WSF 2018 discusses human rights challenges for international cooperation

The Human Rights agenda is a theme which incorporates different perspectives from international cooperation, between partners in the field of daily struggle, from the agencies and in South-South cooperation. For this reason, CESE, the Process of International Networking and Dialogue (Processo de Articulação e Diálogo Internacional: PAD), the Coalition for Human Rights Monitoring in Brazil and the Ecumenical Forum of Brazil (Fórum Ecumênico: FEBRASIL) held the Round Table Dialogue, “The human rights agenda in Brazil and the challenge of cooperation between local, national and international partners”.

The meeting took place on the afternoon of 15 March during the 2018 World Social Forum and aimed to help guide dialogue and coordination processes, discuss elements worth gathering from what organizations have already undertaken and resume partnerships with international and global networks.

Those invited to the debate were: Benilda Brito, lecturer in Human Rights from the Pontifical Catholic University of Minas Gerais (Pontifícia Universidade Católica de Minas Gerais: PUC/MG), Coordinator of Nzinga – the Black Women’s Collective in Belo Horizonte and member of the UN Women Civil Society Advisory Group; Paulo Carbonari, philosopher and teacher at the Berthier Higher Institute of Philosophy (Instituto Superior de Filosofia Berthier: IFIBE), Advisor to the Coalition for Human Rights Monitoring in Brazil and activist in the National Human Rights Movement; and Maiana Teixeira, from the Federation of Bodies for Social and Educational Work (Federação de Órgãos para Assistência Social e Educacional: FASE), responsible for the Socio-Environmental Justice programme.

To facilitate the running of the meeting, three guiding questions were suggested to address content: 1- What are the main impacts on and violations of rights in the work universe of each invitee? What is the history and what has intensified in recent times?  2- What are the greatest challenges for the agenda of cooperation, for other partners and the international community? 3- What are the strengths and what motivates you to remain active in daily activities?  For Eneas de Rosa, debate mediator, these questions are important because they directly influence the input of funds aimed at the struggle for rights: “These are questions that have the capacity to politically influence the partner relationship, as well as society,” he declared.

With the axis of “Institutional Violence and its variations (femicide; black youth; mass incarceration; traditional peoples, etc.)”, Benilda Brito provided a historical overview from the Abolition of Slavery to the present day, revealing shameful data about: Mining and its extreme violence; Mass sterilization of black and indigenous women; Quilombola communities whose territories are threatened; High rates of femicide, racism, the extermination of black youth and rights violated since the coup; and the Mass Incarceration of women.  “It’s like we went to sleep for a night and woke up on another day. So many things have remained the same.  We haven’t managed to advance,” Benilda asserted.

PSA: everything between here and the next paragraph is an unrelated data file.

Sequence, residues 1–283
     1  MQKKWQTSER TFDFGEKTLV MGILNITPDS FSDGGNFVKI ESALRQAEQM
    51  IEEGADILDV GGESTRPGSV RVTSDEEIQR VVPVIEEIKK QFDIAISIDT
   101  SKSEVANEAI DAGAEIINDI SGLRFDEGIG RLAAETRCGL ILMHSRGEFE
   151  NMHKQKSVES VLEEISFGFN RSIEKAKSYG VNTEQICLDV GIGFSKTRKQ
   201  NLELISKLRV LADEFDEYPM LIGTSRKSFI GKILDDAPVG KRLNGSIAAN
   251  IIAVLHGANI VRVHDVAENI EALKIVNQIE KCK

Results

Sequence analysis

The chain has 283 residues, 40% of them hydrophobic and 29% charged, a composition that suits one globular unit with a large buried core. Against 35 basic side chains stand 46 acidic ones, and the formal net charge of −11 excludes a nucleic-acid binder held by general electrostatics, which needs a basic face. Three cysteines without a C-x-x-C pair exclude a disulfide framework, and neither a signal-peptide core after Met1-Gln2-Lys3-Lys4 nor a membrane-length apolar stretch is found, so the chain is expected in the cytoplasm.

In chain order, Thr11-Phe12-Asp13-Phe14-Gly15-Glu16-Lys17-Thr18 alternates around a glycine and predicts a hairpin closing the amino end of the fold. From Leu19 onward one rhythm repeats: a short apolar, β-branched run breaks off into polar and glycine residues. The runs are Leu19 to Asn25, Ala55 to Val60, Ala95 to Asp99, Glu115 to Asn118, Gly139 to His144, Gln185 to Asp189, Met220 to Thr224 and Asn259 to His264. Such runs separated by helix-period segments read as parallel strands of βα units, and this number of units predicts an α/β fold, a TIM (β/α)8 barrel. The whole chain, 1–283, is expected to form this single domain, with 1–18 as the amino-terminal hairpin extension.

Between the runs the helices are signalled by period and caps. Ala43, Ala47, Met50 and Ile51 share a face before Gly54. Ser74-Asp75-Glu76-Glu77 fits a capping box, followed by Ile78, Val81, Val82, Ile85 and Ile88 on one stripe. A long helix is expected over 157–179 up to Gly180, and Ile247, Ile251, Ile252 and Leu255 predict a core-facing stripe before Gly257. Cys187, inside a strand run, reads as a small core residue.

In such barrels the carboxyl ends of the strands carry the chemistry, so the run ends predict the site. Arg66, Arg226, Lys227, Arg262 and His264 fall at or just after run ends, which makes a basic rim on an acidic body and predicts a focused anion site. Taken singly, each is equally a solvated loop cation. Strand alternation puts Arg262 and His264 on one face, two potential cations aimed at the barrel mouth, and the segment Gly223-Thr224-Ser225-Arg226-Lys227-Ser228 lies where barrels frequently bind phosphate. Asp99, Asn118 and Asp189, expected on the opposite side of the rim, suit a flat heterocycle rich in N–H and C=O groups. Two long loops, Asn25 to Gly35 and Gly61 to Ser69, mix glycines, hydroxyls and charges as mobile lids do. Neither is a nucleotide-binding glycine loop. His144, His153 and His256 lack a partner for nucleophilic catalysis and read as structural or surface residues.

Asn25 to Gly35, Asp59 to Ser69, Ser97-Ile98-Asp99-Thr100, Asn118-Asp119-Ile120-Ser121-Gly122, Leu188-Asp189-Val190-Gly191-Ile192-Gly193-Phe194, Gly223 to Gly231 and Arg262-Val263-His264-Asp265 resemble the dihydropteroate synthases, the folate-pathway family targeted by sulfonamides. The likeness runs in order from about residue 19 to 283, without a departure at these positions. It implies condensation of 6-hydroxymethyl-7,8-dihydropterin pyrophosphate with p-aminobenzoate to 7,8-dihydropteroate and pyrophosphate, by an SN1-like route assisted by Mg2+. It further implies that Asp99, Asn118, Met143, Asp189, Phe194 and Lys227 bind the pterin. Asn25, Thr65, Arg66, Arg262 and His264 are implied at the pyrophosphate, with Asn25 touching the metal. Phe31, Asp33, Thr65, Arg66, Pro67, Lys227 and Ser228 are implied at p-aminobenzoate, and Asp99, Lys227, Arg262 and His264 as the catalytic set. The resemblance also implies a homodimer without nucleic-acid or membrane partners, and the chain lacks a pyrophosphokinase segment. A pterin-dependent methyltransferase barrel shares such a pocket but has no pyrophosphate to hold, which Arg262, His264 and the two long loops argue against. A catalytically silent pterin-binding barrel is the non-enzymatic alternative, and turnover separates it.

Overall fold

For the activist and teacher these facts legitimize the process of the negation of indigenous and black people.  “We need to undertake a moral clear up in this country, to understand that all  these origins, all this inequality contain the structural feature of racism”.  With this, she addressed the challenge to the legitimacy of the agendas of the black movement and of black women in Brazil: “The losses of rights by this coup-making government fall on black women.  The home, the family grant, the labour and social security reforms”.

In addition, Benilda revealed other challenges for the future: creative communication strategies, social mobilization, investment in youth, new candidates, training new black and feminist leaders and funding for academic studies.

Addressing the axis “Democracy x The struggle for rights x Inequalities” Paulo Carbonari asserted that one cannot think about cooperation and partnerships without Human Rights.  For him, “Human Rights are the heritage of grassroots struggles, constructed over the years as a corrective to institutional and interpersonal violence, to destructive attacks and the violation of human life.” However, Human Rights, Democracy and Development cannot be generalized to populations living in different conditions, for example, women, black and indigenous people.  For this reason, there is a need to undertake training, to reposition what Human Rights are and under what conditions people are human beings, “There are certain humans whose deaths do not matter,” noted Carbonari.

To end, Maiana Teixeira addressed the axis “Socio-environmental Justice (mining; the right to water; traditional peoples and communities, etc.)” with examples linked to Carbonari’s and Benilda’s speeches about environmental racism, the rights violations of peoples and people considered killable.  For her, there is an urgent need to provide visibility and strengthen the autonomy of the movements, through the possibilities and dynamics of resistance.  “There is a need to show society the great power of people’s ways of life, the value of the agroextractivist family economy, which produces healthy food.  There are certain groups that operate under the logic of sharing and solidarity, unlike, contrary to, the logic of capital,” Maiana ended, before opening up to the plenary.

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